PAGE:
Seven of 10 members of Target’s board should be voted out by shareholders, a proxy adviser said.
A prominent proxy adviser has recommended that Target Corp.’s shareholders oust seven of 10 board members at the retailer’s annual meeting next month, saying that those directors failed to protect the company against a massive data breach last year.
Institutional Shareholder Services (ISS), which provides counsel to investors, said members of Target’s audit and corporate responsibility committees should not be re-elected since risk assessment and oversight of reputational risk were part of their duties.
“The data breach revealed that the company was inadequately prepared for the significant risks of doing business in today’s electronic commerce environment,” ISS said in its report, released this week.
ISS went on to say that these two committees “should have been aware of, and more closely monitoring, the possibilities of theft of sensitive information” given Target’s significant exposure to customer credit card information and e-commerce.
In a statement, Target said Wednesday that the board views risk oversight a “full board responsibility.” As for data security issues, it said it had been among the “best-in-class within the retail industry” before the cyberattack.
“As one would expect, following the criminal attack that resulted in the data breach, the board is re-examining the entire risk oversight structure, including senior management roles and reporting structures, as well as board oversight,” the company said.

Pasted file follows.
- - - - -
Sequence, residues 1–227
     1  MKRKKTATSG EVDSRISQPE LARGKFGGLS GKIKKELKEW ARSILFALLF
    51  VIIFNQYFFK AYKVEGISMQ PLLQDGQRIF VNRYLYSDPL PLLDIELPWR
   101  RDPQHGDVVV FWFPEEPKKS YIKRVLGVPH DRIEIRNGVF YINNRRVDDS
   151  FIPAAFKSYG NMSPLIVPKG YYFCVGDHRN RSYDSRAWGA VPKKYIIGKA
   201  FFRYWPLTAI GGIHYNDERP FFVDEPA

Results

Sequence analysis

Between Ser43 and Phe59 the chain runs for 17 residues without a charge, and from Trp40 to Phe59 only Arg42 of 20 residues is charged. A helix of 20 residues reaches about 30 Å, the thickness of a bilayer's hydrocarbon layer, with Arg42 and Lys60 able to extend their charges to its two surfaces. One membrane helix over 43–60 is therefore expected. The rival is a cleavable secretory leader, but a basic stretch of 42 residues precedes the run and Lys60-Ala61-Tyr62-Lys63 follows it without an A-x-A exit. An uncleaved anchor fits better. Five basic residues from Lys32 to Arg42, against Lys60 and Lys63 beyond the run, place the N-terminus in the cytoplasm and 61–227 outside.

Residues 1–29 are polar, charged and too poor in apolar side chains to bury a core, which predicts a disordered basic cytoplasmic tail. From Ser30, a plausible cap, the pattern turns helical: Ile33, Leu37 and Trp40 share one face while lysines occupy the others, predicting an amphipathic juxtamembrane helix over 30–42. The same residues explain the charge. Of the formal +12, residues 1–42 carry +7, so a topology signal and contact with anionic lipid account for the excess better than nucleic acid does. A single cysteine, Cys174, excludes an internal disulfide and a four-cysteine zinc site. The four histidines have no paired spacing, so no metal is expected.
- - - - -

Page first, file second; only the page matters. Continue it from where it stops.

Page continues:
Target declined to make any representatives available for an interview.
ISS’ recommendations can be “highly influential” and are sometimes directly followed by mutual funds and other big institutional investors, said David Larcker, a Stanford business professor who focuses in corporate governance.
“It can move the vote 20 to 30 percent,” he said. “That can be a pretty big number.”
Another proxy adviser, Glass, Lewis & Co., however, is encouraging Target shareholders to wait before holding the board accountable for the data breach, noting that investigations are ongoing. For now, Glass Lewis said there is not enough evidence that the breach resulted from board or management neglect. It did recommend that shareholders reject two current board members, but for other reasons.
In their reports, ISS and Glass Lewis expressed support for a shareholder proposal to require an independent chairman by separating the role from the CEO. At last year’s annual meeting, that proposal failed after garnering just 37 percent of votes. But ISS said this could be even wiser to do now given the impact from the data breach.
In response, Target said the board prefers to have flexibility to determine which leadership structure best serves the company’s interests.
“The board believes there are many strong governance practices in place at Target that balance any risk of concentration of authority that may exist with a combined chair/CEO position, including the requirement to have an independent lead director in those situations,” the retailer said.
Even if it doesn’t swing the vote, the proxy adviser’s report will bring additional scrutiny to these issues, Larcker said. And it may put pressure on some board members if say, 45 percent of shareholders vote against them, he added.
“That’s a pretty uncomfortable position, and you may just resign,” Larcker said.
Last year, ISS recommended a “no” vote for three Wal-Mart board members amid the retailer’s foreign-bribery probe. All three of them kept their seats, but with less support than other board members.
This year, it is advising Wal-Mart shareholders to oppose the re-election of two board members. But ISS’ recommendations don’t have as much sway at Wal-Mart given that the Walton family owns about 50 percent of that company’s stock.
As for Target, it is no stranger to proxy fights. In 2009, activist investor Bill Ackman unsuccessfully tried to add himself and four others to the company’s board.